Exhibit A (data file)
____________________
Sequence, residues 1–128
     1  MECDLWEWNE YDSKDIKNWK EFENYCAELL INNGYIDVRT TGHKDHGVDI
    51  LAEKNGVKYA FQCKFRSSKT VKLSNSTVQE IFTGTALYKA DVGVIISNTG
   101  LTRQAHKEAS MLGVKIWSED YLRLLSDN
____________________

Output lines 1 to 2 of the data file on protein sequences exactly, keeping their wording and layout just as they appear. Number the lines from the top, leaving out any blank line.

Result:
Sequence, residues 1–128
     1  MECDLWEWNE YDSKDIKNWK EFENYCAELL INNGYIDVRT TGHKDHGVDI